Georeferencing

Would you like to help the University Library with georeferencing maps from the VU’s Map collection ? Your help is very welcome!

NOTE: If you georeference five maps before Easter, you will be entered into a draw to win a print of a map of your choice from the VU Old Maps Collection! Read here the interview with Fons Verhaegen, price winner last year.

Easy and enjoyable

In line with a number of other major cartographic collections in both the Netherlands and abroad, the VU Library has initiated a crowd-sourcing project to georeference maps from its own collection. The KLOKAN web application Georeferencer makes georeferencing easy and enjoyable! Find out how you can get started immediately by clicking on the button below.

According to Wikipedia: “georeferencing is a means of associating a digital image file with locations in physical space”. This is done by choosing locations on old maps which match current ones. Georeferencing results in georeferenced maps: historical maps that can overlay modern maps. For example: below is depicted Nicolaes Visschers’ map of Africa (1680) on top of the current topography.



Africae accurata tabula, ex officina Nicolaes Visscher [ca. 1680-1690]

Why do we need georeferenced maps?

  • Firstly, georeferenced maps can be displayed through web viewers, which greatly increases their accessibility. In geosearch you can browse (georeferenced UBVU maps) geographically. They will also be published on www.oldmapsonline.org).
  • Secondly, georeferenced maps can be downloaded and opened as layers in GIS-software, which increases their applicability.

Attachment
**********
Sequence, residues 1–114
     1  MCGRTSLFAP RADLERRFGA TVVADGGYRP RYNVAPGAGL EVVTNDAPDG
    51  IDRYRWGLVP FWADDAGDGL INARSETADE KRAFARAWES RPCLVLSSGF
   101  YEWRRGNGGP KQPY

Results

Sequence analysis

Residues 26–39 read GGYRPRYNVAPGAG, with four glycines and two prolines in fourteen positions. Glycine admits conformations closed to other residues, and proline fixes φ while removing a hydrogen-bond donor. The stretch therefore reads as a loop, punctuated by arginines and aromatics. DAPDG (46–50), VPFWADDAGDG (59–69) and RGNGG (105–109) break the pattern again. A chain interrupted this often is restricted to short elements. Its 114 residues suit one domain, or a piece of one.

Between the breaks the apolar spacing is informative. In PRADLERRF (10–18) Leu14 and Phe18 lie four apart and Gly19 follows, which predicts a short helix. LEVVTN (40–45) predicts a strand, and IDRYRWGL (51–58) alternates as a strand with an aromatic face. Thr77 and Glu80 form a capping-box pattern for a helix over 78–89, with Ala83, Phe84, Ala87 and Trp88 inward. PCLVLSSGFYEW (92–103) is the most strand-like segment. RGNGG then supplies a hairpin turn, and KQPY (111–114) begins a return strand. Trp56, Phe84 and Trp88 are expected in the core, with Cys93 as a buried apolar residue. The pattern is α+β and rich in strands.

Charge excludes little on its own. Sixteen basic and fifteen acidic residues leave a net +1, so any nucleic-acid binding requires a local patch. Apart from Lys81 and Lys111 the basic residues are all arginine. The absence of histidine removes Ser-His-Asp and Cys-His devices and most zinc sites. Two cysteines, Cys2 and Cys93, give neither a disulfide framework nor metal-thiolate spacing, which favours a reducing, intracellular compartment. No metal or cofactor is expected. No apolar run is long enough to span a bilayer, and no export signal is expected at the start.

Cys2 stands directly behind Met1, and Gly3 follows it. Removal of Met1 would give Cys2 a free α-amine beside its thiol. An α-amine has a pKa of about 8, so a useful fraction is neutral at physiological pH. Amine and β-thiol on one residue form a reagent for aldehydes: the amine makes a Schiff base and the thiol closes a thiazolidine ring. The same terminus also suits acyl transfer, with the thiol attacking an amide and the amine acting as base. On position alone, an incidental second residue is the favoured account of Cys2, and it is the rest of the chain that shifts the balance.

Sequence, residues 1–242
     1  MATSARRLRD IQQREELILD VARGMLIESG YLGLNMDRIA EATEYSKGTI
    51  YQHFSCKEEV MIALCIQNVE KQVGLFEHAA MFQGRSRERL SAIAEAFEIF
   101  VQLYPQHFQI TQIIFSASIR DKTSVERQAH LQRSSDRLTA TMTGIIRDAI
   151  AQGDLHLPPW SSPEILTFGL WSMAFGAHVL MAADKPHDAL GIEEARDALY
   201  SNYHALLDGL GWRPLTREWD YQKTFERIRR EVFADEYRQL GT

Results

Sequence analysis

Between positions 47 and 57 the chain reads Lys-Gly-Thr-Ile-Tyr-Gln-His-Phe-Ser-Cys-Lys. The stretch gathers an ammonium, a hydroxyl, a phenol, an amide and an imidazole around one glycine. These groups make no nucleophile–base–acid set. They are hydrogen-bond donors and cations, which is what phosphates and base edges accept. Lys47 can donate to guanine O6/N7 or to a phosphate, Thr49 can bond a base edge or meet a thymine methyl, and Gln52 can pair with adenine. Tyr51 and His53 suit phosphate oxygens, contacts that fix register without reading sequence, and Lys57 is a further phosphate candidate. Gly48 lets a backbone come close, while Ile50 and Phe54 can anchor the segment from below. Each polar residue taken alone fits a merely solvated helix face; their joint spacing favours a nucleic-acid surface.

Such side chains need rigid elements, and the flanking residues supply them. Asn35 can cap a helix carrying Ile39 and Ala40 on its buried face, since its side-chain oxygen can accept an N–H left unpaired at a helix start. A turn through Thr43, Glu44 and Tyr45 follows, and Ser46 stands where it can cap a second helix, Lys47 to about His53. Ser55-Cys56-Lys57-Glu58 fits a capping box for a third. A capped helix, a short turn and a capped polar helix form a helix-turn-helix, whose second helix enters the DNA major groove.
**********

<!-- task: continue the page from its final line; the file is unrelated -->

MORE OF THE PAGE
• Thirdly, the degree and distribution of the errors helps enhance our knowledge of the old maps’ geometric accuracy.

Read more on the usefullness of georeferencing and its application for research in these two short articles, which have appeared on VU Library’s website: ‘Help Making VU’s Old Maps Easier to Find and Better Searchable Online’ and ‘Do Research or Teach with the Maps Collection of VU Amsterdam.’


How does it work?

If you prefer getting started using instructions, we invite you to take a look at our instruction page . Here you can find a step-by-step guideline and instruction videos.


Current project: how far are we?

The aim of the current Georeferencing project is to georeference the oldest maps in VU Amsterdam’s map collection dating from 1600 up to 1920. We have divided these maps into four subsets:

  1. 1600-1800
  2. 1800-1880
  3. 1880-1900
  4. 1900-1920

Note that we have finished the third set! A big thank you to all contributors.

A special word of thanks goes out to our five plus-1000-points georeferencers: Susan Hollink (1400), Fons (1257), Loes Wijnen (1057), Jelle Kralt (1038) and André de Wit (1037).

We now embark on the fourth and last set: 1900-1920. Although the large majority of maps date within this time range, a number of maps will be more recent than 1920.

Below you see the progress of the current set:

In this table you see all contributors, ranked according the number of controlpoints placed:

Below you see most recently georeferenced maps (updated daily):


Further reading

Egmond, Marco van. “The Dutch Landscape of Online Institutional Georeferencing.” E-Perimetron 14, no. 3 (2019): 14. (available on http://www.e-perimetron.org)

Hackeloeer, Andreas, Klaas Klasing, Jukka M. Krisp, and Liqiu Meng. “Georeferencing: A Review of Methods and Applications.” Annals of GIS 20, no. 1 (January 2, 2014): 61–69. https://doi.org/10.1080/19475683.2013.868826.

Storms, Martijn. “Maps in the Crowd: Results of a Map Georeferencing Crowdsourcing Pilotproject.” E-Perimetron 12, no. 3 (2017): 109–18. (available on http://www.e-perimetron.org)